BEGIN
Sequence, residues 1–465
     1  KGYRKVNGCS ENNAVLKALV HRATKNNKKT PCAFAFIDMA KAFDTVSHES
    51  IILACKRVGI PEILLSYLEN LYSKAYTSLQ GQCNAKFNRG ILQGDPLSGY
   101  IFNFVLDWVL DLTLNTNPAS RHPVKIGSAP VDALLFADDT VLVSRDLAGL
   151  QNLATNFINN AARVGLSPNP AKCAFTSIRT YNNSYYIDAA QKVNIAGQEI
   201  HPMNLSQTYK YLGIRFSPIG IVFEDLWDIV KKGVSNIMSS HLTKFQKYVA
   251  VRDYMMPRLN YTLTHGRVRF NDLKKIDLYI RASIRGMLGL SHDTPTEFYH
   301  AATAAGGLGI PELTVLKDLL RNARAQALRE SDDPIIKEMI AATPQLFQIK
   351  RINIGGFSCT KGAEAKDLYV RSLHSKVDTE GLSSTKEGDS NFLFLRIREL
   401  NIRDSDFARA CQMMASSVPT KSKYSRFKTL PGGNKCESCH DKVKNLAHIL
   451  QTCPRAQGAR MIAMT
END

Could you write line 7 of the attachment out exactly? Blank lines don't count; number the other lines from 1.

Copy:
   251  VRDYMMPRLN YTLTHGRVRF NDLKKIDLYI RASIRGMLGL SHDTPTEFYH